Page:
USA Contributes €165,000 To Support Customs Control Over Toxic Chemicals In Africa

Combatting illicit trade in hazardous chemicals is key for safety and security and the full implementation of the Chemical Weapons Convention.

The Government of the United States of America has contributed €165,000 to support the work of the Regional Conference on Enforcing Effective Customs Control over the Trade in Toxic Chemicals in Africa. This is the United States’ second contribution to the Africa Programme.

The pan-African conference will bring together African customs administrations, Chemical Weapons Convention (CWC) National Authorities, and customs administrations from other regions to share best practices in the enforcement of control over the trade in toxic chemicals.

The contribution was formalised during a ceremony held today between the Permanent Representative of the United States of America to the OPCW, H.E. Ambassador Joseph Manso, and OPCW Director-General, H.E. Mr Fernando Arias.

Ambassador Manso stated: “The United States strongly supports the OPCW’s Africa Program. The Program’s assistance to Member States in the areas of laboratory capacity building, chemical safety and security, and national implementation of the Convention is important not only for our friends and partners in the Africa Group, but for all of us interested in the enduring success of the Convention.”

The Director-General expressed: “I appreciate today’s generous contribution by the Government of the United States, further signalling the USA’s steadfast commitment to the effective implementation of the Chemical Weapons Convention and support for OPCW Member States in Africa. Combatting illicit trade in hazardous chemicals is a cross-cutting effort in which custom authorities play a critical role.”

Director-General Arias encouraged Member States to support other special projects announced last year by the Technical Secretariat within the framework of the OPCW Programme for Africa.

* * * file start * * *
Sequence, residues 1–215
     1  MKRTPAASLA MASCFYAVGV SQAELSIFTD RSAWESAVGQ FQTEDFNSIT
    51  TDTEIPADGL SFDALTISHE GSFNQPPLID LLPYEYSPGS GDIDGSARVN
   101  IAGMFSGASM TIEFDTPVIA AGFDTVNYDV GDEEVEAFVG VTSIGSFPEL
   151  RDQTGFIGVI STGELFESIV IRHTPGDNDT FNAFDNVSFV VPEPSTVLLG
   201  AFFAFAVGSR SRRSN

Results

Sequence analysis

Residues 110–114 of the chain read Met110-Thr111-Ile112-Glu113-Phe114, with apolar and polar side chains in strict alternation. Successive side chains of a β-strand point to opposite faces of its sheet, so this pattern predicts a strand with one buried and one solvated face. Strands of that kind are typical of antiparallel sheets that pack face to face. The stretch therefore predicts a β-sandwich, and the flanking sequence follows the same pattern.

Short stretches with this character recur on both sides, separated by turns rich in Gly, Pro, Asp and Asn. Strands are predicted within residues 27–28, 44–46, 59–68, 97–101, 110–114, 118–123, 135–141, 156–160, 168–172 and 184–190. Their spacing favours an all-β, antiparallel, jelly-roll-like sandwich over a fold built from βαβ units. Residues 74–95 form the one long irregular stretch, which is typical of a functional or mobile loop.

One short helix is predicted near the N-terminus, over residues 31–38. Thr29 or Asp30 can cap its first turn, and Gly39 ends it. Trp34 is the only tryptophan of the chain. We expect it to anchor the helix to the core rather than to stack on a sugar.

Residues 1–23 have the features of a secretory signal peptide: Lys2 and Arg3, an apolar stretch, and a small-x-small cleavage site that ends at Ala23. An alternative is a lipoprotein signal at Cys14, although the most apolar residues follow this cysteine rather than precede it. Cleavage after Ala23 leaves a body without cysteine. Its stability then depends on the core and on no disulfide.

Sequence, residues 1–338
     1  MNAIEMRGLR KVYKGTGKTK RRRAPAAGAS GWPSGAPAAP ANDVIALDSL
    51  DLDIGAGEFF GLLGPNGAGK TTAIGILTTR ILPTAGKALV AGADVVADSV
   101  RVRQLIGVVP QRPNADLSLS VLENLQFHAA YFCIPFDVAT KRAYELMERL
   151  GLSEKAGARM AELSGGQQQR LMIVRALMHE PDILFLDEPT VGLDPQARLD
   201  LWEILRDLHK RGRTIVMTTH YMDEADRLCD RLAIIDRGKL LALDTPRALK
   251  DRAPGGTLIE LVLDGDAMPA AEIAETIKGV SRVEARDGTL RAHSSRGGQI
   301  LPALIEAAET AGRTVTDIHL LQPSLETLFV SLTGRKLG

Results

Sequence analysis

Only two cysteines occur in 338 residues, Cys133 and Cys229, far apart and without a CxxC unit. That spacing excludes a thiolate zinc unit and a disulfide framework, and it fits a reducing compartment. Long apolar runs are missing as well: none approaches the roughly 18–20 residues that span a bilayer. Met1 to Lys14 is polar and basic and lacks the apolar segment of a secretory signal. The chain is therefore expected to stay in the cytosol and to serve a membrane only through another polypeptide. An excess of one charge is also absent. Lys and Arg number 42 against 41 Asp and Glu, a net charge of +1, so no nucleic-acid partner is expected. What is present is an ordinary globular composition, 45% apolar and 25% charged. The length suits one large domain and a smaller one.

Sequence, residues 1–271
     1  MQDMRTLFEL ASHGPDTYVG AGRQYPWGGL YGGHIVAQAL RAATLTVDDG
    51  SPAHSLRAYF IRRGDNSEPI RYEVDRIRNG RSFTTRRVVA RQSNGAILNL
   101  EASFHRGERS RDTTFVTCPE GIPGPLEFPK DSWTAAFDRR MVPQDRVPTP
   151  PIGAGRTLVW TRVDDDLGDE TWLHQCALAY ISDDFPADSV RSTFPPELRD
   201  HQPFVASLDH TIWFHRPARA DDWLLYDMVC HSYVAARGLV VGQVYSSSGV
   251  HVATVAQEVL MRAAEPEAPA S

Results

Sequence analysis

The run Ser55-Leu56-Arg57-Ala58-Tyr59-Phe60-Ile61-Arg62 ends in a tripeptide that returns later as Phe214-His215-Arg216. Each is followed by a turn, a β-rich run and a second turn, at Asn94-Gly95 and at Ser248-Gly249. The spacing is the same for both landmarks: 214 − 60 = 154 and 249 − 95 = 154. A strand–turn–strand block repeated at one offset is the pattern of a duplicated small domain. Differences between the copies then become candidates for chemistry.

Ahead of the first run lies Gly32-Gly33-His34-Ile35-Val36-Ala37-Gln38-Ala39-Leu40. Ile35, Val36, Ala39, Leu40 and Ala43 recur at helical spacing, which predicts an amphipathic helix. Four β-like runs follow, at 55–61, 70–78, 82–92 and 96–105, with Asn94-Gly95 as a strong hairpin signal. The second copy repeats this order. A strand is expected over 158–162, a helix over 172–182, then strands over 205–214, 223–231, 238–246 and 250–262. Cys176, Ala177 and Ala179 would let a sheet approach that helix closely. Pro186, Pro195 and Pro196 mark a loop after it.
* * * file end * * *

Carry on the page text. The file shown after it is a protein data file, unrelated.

This is the second contribution the United States has made to the Africa Programme. In November 2020, the United States contributed US$110,000 to fund a specialised analytical chemistry course for customs laboratories in Africa, as well as a training on hospital preparation for chemical incidents in East Africa.


The contribution was made to the OPCW Trust Fund for Implementation of Article X of the Chemical Weapons Convention (assistance and protection against chemical weapons).

The Regional Conference on Enforcing Effective Customs Control over the Trade in Toxic Chemicals in Africa is part of OPCW’s Programme to Strengthen Cooperation with Africa on the Chemical Weapons Convention, more commonly known as the Africa Programme. It focuses on the particular needs of African Member States, including the promotion of peaceful and authorised uses of chemistry for a developed, safe, and secure Africa.

The Africa Programme continues to be funded mainly through the OPCW regular budget. Extrabudgetary resources are also used to further expand the Programme’s depth, reach, and impact. In this context, specific activities have been attracting in‑kind and financial support from the Czech Republic, France, Germany, Switzerland, the United Kingdom of Great Britain and Northern Ireland, the United States of America, and the European Union. Moreover, in‑kind support has been provided by African Member States co‑organising activities under the Programme.

As the implementing body for the Chemical Weapons Convention, the OPCW, with its 193 Member States, oversees the global endeavour to permanently eliminate chemical weapons. Since the Convention’s entry into force in 1997, it is the most successful disarmament treaty eliminating an entire class of weapons of mass destruction.

Over 98% of all declared chemical weapon stockpiles have been destroyed under OPCW verification. For its extensive efforts in eliminating chemical weapons, the OPCW received the 2013 Nobel Peace Prize.

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